Walker: A ‘Given’ That Pre-Existing Conditions Will Be Covered
Gov. Scott Walker said the state would continue to cover people with pre-existing conditions after leaving the door open last week to a change that would let insurance companies raise rates for those customers.
“It’s a given that people with pre-existing conditions are going to be covered here in the state of Wisconsin,” Walker told reporters in Milwaukee. “I’ve not changed in that position and people took it out of context.”
The health care bill passed by Republicans in the U.S. House of Representatives included a provision to let states seek waivers from the federal government to let insurers raise premiums for people with pre-existing conditions. The bill would also set aside $8 billion to help states that take the waiver offset the higher premiums.
Parents Speak Out Against GOP Health Care Plan
Disability advocates spoke outside the state Capitol on Saturday to criticize politicians for advancing cuts to Medicaid in the GOP health care bill that passed the House of Representatives.
The advocates who gathered said the fact the House narrowly passed a bill to repeal and replace the Affordable Care Act shows politicians aren’t listening to the concerns of voters.
The House bill, which is expected to be modified in the U.S. Senate, calls for more than $800 billion in cuts to Medicaid. Disability advocates say Wisconsin could lose $1 billion if the Senate agrees with the House version of the American Health Care Act.
About 24 adults and parents at the Capitol explained how the joint federal-state health program has improved their lives.
Pam Delap, of Oshkosh, said her 16-year-old son with autism is more independent because of services provided by Medicaid.
“Oshkosh Area School District received $860,000 last year through Medicaid to support students to get them the skills they need to work,” Delap said. “We’ve got a resource shortage in the workplace. Why are we not supporting this population that can be working?”
Walker Criticizes Assembly GOP Road Plan
Gov. Scott Walker and Assembly Republicans remain at odds over transportation funding after Walker criticized their plan to increase taxes on gasoline to pay for roads.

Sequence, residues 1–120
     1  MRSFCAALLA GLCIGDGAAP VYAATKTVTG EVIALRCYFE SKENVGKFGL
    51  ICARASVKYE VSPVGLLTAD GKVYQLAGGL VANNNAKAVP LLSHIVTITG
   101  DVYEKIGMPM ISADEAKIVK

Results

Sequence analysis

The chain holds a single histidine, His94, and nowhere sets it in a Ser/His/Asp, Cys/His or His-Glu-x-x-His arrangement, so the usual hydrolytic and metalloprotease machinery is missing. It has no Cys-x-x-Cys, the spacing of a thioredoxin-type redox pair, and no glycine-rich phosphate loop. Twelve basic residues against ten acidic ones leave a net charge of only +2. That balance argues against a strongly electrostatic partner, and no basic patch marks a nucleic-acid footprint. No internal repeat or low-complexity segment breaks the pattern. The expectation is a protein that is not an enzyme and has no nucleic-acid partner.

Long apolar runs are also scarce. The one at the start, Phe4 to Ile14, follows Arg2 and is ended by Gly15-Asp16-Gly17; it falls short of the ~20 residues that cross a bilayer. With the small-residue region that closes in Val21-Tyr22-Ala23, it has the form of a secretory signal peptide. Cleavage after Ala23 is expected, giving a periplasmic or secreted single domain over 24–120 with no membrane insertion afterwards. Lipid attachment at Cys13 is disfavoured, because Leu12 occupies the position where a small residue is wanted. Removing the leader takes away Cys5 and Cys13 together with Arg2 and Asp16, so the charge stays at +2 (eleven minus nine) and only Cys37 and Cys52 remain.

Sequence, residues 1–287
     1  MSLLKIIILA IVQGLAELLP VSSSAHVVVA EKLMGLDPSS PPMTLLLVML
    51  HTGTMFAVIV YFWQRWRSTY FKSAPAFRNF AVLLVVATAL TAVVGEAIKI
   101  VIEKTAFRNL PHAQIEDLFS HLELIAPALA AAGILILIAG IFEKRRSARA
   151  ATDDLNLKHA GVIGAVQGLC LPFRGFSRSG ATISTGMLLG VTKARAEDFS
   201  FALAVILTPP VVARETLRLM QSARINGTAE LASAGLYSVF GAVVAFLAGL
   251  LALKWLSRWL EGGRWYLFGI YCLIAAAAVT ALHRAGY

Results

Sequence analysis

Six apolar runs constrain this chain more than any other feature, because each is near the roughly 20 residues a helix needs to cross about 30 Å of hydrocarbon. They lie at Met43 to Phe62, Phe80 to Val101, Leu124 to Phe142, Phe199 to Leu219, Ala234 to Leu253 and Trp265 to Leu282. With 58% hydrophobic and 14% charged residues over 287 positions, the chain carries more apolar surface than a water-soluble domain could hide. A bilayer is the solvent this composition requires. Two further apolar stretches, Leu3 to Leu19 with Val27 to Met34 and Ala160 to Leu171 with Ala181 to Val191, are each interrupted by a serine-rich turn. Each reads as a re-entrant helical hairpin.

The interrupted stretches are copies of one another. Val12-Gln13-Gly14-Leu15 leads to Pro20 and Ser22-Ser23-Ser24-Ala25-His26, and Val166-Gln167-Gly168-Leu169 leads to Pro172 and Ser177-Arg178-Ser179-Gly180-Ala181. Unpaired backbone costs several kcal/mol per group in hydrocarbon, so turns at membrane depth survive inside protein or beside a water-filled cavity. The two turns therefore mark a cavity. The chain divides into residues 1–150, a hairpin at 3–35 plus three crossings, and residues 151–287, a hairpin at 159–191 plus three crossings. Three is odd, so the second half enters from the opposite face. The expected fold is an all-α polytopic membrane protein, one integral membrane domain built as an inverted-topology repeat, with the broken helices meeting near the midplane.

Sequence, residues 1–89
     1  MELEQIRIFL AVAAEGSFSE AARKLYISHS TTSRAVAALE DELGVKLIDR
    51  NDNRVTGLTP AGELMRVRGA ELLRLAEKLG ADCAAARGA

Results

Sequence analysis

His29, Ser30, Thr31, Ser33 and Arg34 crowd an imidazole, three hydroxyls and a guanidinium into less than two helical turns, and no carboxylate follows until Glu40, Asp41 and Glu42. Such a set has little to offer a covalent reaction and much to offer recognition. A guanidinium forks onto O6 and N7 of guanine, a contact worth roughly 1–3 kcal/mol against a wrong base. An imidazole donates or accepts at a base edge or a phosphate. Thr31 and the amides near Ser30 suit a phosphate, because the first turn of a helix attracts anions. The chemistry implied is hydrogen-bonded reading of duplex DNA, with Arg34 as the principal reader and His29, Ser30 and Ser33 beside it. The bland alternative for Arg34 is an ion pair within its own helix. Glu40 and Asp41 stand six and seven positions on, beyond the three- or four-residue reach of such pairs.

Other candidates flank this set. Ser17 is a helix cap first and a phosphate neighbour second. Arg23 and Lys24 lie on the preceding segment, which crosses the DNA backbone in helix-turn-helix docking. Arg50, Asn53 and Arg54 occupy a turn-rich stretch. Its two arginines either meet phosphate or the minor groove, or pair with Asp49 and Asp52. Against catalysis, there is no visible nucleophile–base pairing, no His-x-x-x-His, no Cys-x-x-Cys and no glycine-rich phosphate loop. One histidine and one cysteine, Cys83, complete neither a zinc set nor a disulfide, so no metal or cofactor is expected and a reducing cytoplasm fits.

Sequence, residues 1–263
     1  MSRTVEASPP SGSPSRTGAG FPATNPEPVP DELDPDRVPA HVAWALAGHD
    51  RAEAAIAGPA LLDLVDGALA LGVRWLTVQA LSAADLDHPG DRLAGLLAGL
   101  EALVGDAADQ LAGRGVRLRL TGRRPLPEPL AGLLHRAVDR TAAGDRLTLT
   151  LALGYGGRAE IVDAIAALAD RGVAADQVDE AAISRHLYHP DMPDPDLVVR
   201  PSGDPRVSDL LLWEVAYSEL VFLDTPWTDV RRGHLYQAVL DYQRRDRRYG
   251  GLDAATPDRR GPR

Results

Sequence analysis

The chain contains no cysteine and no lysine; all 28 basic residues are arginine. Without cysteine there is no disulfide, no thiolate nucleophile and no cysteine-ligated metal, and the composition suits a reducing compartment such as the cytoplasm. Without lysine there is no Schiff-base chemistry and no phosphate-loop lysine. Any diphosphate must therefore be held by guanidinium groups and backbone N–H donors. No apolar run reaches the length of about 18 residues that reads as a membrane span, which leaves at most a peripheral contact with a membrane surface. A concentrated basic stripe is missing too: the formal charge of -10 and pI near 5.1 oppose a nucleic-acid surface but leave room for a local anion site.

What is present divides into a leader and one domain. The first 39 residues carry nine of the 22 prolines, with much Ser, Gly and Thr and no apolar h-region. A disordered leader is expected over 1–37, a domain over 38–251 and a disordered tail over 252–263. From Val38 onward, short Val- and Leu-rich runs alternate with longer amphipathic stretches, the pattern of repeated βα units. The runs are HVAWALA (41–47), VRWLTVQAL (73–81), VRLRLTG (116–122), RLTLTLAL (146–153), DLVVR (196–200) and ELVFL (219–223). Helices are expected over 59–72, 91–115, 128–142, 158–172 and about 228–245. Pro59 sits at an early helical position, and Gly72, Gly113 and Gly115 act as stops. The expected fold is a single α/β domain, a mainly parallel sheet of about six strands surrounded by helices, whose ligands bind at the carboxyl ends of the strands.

“Call it what you will,” Walker said of the GOP plan. “If you’re paying more on the gas that you pay at the pump, that is a gas tax increase.”
The plan by Rep. Dale Kooyenga, R-Brookfield, would cut the state’s dedicated fuel tax, but it would more than make up for that cut by applying the state’s sales tax to gasoline. The Legislature’s nonpartisan budget office said the overall effect would be about a seven-cents-per-gallon increase on the average gallon of gas.
Overall, Walker said the plan would increase taxes by more than $430 million in the next two-year budget. His office said that number includes higher local sales taxes that would result from the proposal.
“And yet there are no new projects identified — road projects,” Walker said. “I think a lot of people sort of scratched their head and said, ‘I thought the whole debate was about having to have more road projects.’”
Wisconsin Wine Industry Is Booming
When most people think wine country, they think Napa Valley, France or Italy.
But Wisconsin? Not so much – at least not until recently. In the past few years, Wisconsin has started to become a tourist destination for wine lovers as the number and quality of wineries in the state have increased.
Alwyn Fitzgerald, president of the Wisconsin Winery Association and winemaker at Fisher King Winery in Verona, said he welcomes the change.
Having more wineries in Wisconsin “gives customers a choice and more range of things to try, and it brings more people in because it’s now even more of a destination for a cluster,” he said.
In 2000, Wisconsin had just 13 permitted wineries in the entire state. Now, there are upwards of 140, Fitzgerald said.
In 2015, there were nearly two million visits to wineries in Wisconsin, and an estimated nearly $50 million in direct spending on wine tourism.
Two Locks Closed by Invasive Species
A system of 16 locks runs between De Pere south to Appleton, covering more than 25 miles of the Fox River. Two locks will remain closed this season because of the invasive round goby, a fish that comes from Eurasia and is thought to have come to the United States in the ballast water of large ships as early as 1990.
The two locks are the The Rapide Croche and the Menasha.
The fish has been found in Little Lake Buttes Des Morts, which feeds into the Fox River that flows north to Green Bay and into Lake Michigan.
Despite the invasive fish and closed locks, there is some good news for boaters this season, said Bob Stark, CEO of Fox River Navigational Authority (FRNA), which oversees the locks.
“The locks in Little Chute have not been used in some 30 years, so they’ve been refurbished, and this will be the first time they’ve operated,” Stark said.
If the goby get further into the Lake Winnebago system, it could eventually infect 17 percent of the state’s inland waters, said DNR Fishery Supervisor Kendall Kampke.
Kampke said the Menasha lock closure is “unfortunate” because, “it’s also one of the busiest locks, because you have got Lake Winnebago as a destination for anything in the Appleton area. Those boats were using the Menasha lock on a regular basis.”
Stark said the FRNA is “adamant” about finding a way to get boats where they need to go.
Stark said the FRNA is also looking at other alternatives, such as “an electric barrier not unlike what’s being used at the Chicago Ship Canal to keep the big head carp from getting into Lake Michigan.” Stark said infusing water with carbon dioxide is also an option.
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